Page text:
Monday, May 2, 2011
Drink, don't drive, at Chicago's train-friendly pubs
by John Greenfield
[These write-ups also appeared in Time Out Chicago magazine, www.timeoutchicago.com]
Recent surveys show that Chicago has the highest gasoline prices in the country at $4.50 per gallon. That calculates to roughly four cents per ounce, the same price as Walgreen's Big Flats beer, $2.99 for a six-pack. Factor in the dangers of drunk driving, and it makes a lot of sense to take transit to taverns and spend the money you save on gas on beer instead. Here are some suggestions for interesting, off-the-beaten-path watering holes that are adjacent or a short walk from CTA, Metra and South Shore Line stations.
CTA O'Hare Line Harlem stop
5241 N. Harlem Ave., Norwood Park
Just south of the Harlem Blue Line station, this black-windowed storefront, formerly Mario’s Café, houses a surprisingly sleek Bulgarian nightspot. Blood-red walls, plush black sofas and silver banquettes, plus abstract sculptural elements suspended from the, create an ambiance worthy of the bar’s name, while stylishly-dressed, dark-eyed young women kibbutz in Bulgarian over throbbing Eurodisco. To sample the cuisine, a mix of Mediterranean and Slavic influences, try a katino meze: a mix of fried chicken, pork and beef tongue with mushrooms, onions, pickles, garlic and feta. Wash it down with a Shumensko beer ($5) or a shot of rakia, a Bulgarian brandy.
And to top it off: A spiky-haired bartender juggles bottles and glasses ala Tom Cruise in “Cocktail.”
Metra's Milwaukee District North Healy stop
4035 W. Fullerton Ave., Kelvyn Park
A tree trimmed into the shape of a beer bottle standing beside this homey tavern is a sign you’ve found dive bar gold. The front room features a serpentine brass bar, while the walls of the lodge-like back room are decorated with antique tools and a series of Abe Lincoln prints. Teachers from nearby Kelvyn Park High stop by on Fridays for Heinekens, Coronas and free barbecue. Owner Warren Johnson is an ex-Marine who played semi-pro football with the Chicago Gladiators in the ‘70s. He shows off a scrapbook of vintage ads for gorgeous former proprietor Trudy De Ring, who performed burlesque under the stage name Radiana in the ‘30s.
And to top it off: The plush barstools are the most comfortable in the city, salvaged from skyboxes during the Soldier Field rehab.
CTA Pink Line Damen stop
2058 W. 22nd Pl., Pilsen
This family-owned tavern has operated since 1951 on a back street of Pilsen, kitty-corner from the twin spires of St. Paul’s Church – current owner Bob Martin attended the adjacent Catholic school. A mix of the neighborhood’s Latinos and Anglos come to this sports pub for cheap burgers, chicken sandwiches and chops plus daily drink specials, like $4 pints of Spaten Octoberfest. The microbrew selection is impressive, including selections by Dogfish Head, Magic Hat and Delirium Tremens, plus Southern Tier’s Mokah stout on tap. Numerous Blackhawks photographs and jerseys autographed by Paul Konerko and Joe Montana, along with free pool, makes this a comfortable hang for local superfans.
And to top it off: A photo on the wall shows an elderly Rock Marciano playfully pummeling a young Muhammad Ali.
CTA Green Line's King Drive stop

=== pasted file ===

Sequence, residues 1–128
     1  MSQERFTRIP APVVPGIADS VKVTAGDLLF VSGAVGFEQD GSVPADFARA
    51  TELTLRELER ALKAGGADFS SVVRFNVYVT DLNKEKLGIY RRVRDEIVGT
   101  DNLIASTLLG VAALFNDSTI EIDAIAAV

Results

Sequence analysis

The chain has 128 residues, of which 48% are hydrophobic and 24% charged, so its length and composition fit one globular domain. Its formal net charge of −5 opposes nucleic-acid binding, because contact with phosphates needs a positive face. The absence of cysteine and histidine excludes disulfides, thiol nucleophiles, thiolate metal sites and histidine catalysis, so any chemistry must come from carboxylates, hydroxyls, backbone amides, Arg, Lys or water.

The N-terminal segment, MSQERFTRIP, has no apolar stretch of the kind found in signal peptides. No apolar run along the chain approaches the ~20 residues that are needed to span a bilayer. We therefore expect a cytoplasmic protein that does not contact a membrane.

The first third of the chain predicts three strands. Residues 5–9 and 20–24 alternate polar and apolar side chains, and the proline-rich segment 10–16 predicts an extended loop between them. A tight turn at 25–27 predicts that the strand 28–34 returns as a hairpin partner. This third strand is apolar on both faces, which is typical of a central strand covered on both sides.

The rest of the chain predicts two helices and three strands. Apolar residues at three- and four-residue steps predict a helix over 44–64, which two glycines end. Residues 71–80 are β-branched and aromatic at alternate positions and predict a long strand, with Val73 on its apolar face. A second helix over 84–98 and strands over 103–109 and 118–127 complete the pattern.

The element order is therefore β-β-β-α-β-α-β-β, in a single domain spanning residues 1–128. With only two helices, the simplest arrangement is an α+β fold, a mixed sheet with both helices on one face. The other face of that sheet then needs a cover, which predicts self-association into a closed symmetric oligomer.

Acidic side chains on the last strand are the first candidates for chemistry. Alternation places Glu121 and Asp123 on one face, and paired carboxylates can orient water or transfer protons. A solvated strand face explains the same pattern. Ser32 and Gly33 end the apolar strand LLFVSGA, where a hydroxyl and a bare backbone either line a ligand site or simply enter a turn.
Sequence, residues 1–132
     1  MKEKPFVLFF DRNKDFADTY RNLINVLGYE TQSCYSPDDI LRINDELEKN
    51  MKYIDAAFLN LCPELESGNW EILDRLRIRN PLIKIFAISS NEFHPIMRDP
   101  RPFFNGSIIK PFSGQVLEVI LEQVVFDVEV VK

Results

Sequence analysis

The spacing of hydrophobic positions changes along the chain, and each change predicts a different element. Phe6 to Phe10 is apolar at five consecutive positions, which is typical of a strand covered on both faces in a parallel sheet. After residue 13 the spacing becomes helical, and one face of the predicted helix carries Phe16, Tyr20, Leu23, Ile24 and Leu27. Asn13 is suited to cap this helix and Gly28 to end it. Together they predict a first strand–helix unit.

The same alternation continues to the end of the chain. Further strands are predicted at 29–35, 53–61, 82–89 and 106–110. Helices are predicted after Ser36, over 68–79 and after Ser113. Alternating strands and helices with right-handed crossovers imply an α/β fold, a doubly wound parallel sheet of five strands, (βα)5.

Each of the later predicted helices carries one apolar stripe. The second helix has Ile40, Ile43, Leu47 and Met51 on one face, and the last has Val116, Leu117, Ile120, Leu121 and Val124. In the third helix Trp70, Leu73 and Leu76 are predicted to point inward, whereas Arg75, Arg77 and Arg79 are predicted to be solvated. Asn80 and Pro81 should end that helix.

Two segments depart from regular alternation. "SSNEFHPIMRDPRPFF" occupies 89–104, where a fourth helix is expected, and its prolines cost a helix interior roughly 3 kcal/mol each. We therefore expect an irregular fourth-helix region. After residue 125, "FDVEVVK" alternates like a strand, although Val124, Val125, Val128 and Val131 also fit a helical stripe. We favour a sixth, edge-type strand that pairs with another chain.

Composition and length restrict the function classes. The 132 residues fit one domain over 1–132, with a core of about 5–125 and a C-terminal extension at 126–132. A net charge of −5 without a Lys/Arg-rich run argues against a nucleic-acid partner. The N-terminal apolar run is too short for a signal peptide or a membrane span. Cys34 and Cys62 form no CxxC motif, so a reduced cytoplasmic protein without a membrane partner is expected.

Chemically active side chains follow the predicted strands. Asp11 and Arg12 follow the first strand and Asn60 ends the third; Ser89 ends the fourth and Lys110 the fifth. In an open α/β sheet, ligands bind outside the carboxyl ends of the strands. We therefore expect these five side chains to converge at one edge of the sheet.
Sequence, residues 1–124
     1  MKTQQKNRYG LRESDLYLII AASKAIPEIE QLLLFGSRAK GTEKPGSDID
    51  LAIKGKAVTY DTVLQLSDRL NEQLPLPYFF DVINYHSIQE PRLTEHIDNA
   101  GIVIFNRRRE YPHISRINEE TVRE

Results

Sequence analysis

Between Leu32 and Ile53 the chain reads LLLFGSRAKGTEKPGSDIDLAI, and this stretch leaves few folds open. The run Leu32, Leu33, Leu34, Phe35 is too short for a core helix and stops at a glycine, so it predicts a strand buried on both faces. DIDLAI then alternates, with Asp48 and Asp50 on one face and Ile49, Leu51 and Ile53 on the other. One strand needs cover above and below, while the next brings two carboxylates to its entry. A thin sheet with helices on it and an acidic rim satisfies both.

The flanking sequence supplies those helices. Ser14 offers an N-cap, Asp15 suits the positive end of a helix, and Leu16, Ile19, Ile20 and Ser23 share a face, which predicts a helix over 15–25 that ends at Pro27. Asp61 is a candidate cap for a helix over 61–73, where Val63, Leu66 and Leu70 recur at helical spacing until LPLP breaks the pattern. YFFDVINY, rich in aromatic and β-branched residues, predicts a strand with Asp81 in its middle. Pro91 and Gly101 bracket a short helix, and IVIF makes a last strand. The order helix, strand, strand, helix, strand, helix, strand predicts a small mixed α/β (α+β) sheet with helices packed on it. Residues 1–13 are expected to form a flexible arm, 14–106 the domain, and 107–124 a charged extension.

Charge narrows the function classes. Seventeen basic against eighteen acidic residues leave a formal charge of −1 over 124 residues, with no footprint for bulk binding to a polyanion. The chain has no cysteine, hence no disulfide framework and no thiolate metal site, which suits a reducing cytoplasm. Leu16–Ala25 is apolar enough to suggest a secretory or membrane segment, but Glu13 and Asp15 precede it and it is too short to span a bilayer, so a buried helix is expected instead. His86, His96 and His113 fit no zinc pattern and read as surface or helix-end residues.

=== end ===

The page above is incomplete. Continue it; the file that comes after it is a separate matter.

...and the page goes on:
641 E. King Dr., Woodlawn
True to its name, this tavern is a relaxing oasis in rough-and-tumble Woodlawn, steps from the King Drive Green Line stop. In business since 1956, the bar features mirrors ringed with plastic roses, multiple portraits of Obama, and a large, old-fashioned lamppost in the middle of the room. Middle-aged and older men in Sox hats and Kangol caps drink bottles of MGD ($2.50) while sharply dressed ladies sip goblets of vodka and cranberry. The jukebox is well stocked with R & B dusties, and when “Honky Tonk” by James Brown comes on, women at one end of the bar start clapping along. There’s karaoke on Thursday nights with a prize for the best singer.
And to top it off: Ex-Chicago Defender gossip columnist Cliff Pierce is a regular.
South Shore Line Hegewisch stop
South Shore Inn
13611 S. Brainard Ave., Hegewisch
This shot-and-a beer joint, located across the street from a South Shore Line stop and catering to commuters and tradesmen, seems pleasantly frozen in time. The grandparents of current owner Dean Ubik bought the building in 1921 and it operated as a speakeasy during Prohibition, when “working girls” rented rooms upstairs. The tavern, last rehabbed in 1949, features sparkly gold vinyl booths and a gorgeous art deco bar with portals filled with knickknacks like antique radios and toy cowboys and Indians. Michelob, Bud Light and Amber Bock are on tap ($1.55/pint), and vintage ads for the train line and a stuffed deer head adorn the walls.
And to top it off: A collection of black-and-white family photos on the wall including pictures of Ubik’s mom’s bowling team and a local bocce league.
13401 S. Baltimore Ave., Hegewisch
This bare-bones dive, in operation since 1978 on Hegewisch’s main drag, probably takes the prize for Chicago’s most irresponsibly named bar. The grinning cartoon rabbit hoisting a brew on the sign threatens to lure children into a lifetime of boozing, although owner Keith Essary says he’s had no complaints. That said, this is a friendly place to sip dollar PBRs or down $5 Vegas bombs (Crown Royal, schnapps, cranberry and Red Bull) with local factory workers and police officers. The jukebox plays a mix of rock, country, punk and hip-hop, and the wood-paneled back room features darts and a Corvette pinball machine.
And to top it off: Mugs Bunny is home to one of the city’s few shuffleboard tables.